interdependent self organized wholes

The transition to a sustainable society will require the reconstitution and reinvention of households, villages, neighbourhoods, towns, cities and regions everywhere on the planet as interdependent, nested, self-organized, participatory and diversified wholes. […] The result will be a decentralized and diversified structure of everyday life which is in contrast to the centralized and increasingly homogenized structures that we have become accustomed to


Localism At the local and regional scale, feedback is faster and ecological limits are more immediately identifiable. Furthermore, by focusing on the local and regional scale, we can adapt solutions better to the specific conditions of a particular place. Design that aims to meet basic human needs at the scale of the local community/region also creates systemic redundancies, so that unpredictable changes in one place are less likely to trigger domino effects in other place

Subsidiarity describes the principles that any central (political) authority should have a subsidiary function of coordination, performing only those tasks that cannot be executed at a local level, and that decisions are to be taken as closely as possible to, and with the involvement of, the citizens affected by them.

Fail Fast, Fail Small

Failure ▪ We need to co-create diverse models for systemic solutions at a local and regional scale. Some of them will inform through their successes and others through their failures. Repetitive failure and experimentation at a small scale can help us to learn faster. As Thomas Watson Sr., president of IBM for 42 years, said so aptly: “If you want to succeed, double your rate of failure”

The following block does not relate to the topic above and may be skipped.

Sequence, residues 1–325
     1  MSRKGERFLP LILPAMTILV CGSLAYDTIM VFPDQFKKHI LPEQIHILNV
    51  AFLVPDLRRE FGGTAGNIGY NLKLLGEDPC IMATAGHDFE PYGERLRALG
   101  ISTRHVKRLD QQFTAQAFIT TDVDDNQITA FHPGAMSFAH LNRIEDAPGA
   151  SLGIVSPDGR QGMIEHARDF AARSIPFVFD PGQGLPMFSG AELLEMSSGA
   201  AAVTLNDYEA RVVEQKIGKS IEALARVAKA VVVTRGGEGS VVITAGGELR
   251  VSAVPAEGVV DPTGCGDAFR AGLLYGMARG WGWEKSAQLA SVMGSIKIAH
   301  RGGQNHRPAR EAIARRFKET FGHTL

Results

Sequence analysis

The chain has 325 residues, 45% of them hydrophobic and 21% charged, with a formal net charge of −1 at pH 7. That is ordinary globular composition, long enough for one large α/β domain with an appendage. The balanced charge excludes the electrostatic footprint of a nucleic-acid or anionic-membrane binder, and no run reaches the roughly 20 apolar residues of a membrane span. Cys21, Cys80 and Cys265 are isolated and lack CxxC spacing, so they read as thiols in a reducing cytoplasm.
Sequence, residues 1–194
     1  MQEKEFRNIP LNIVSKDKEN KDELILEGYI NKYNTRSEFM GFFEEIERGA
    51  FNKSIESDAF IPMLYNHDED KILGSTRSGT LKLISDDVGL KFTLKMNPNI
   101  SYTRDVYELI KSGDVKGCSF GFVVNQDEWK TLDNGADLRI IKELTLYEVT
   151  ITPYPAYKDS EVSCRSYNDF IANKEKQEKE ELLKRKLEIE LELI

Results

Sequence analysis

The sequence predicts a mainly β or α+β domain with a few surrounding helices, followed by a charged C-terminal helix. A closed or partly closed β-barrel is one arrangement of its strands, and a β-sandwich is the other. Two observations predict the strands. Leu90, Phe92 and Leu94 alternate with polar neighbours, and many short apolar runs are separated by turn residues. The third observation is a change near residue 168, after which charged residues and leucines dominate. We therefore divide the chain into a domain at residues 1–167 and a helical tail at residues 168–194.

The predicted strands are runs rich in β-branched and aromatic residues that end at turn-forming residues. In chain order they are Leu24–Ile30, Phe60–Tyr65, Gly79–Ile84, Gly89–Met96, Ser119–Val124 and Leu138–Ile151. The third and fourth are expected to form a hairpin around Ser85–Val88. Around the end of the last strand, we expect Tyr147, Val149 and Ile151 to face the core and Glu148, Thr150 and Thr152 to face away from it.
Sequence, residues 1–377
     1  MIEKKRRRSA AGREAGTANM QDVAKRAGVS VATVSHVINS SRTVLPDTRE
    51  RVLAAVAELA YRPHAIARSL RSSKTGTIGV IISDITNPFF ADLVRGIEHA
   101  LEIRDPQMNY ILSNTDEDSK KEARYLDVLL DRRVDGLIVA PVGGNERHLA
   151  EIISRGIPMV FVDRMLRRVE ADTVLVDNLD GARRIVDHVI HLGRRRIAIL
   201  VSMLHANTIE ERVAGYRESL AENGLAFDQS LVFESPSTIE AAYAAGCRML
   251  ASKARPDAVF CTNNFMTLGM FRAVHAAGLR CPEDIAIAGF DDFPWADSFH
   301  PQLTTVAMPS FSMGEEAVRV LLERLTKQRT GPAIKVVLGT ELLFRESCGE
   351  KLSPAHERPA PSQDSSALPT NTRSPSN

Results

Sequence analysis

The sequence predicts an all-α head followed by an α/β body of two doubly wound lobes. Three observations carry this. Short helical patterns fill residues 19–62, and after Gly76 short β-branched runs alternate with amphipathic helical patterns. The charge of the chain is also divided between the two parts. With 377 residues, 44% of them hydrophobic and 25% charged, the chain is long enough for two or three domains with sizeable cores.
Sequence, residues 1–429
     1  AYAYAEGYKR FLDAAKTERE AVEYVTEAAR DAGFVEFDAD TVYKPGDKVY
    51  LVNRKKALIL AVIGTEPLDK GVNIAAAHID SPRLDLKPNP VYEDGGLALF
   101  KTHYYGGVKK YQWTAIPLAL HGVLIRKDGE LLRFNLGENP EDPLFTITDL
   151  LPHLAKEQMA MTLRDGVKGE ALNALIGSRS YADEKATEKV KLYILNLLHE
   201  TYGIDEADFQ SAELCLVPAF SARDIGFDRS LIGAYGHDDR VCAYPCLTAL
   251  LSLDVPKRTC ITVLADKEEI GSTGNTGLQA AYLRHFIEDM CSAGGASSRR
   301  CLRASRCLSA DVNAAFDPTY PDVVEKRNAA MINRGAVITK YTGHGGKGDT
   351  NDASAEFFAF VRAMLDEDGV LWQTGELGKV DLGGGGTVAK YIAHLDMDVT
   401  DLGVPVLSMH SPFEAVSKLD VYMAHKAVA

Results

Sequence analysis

Small Farms as Solutions?

Despite a vast amount of disinformation – in large part based on research funded by chemical agribusiness – the misconception that local organic agriculture cannot feed the world is finally being eradicated (Halweil, 2006; FAO, 2015). From the invention of agriculture until very recently, humanity has fed itself via local, small-scale farms that employ organic techniques to maintain and improve soil health and agricultural yields. Even with the global population in rapid expansion during the last century, the majority of the food that feeds the world still comes from small-scale local farms and is grown by women (FAO, 2011). A 2013 review by the UN Conference on Trade and Development (UNCTAD) concluded that the adequate response to climate change and the challenge of feeding a prospective human population of 9 billion includes transformative changes in our agricultural, food and trade systems. We need to increase diversity on farms, reduce the use of fertilizers and other external inputs, and support local farmers to create vibrant and resilient local food systems

Strengthening regional food sovereignty is a powerful win-win-win strategy in the response to the current food, inequity (poverty) and climate crises. Implementing food sovereignty leads to more decentralized and more highly diversified farming systems that are networked into regional food economies. This builds redundancies at different scales, and increases adaptability and resilience.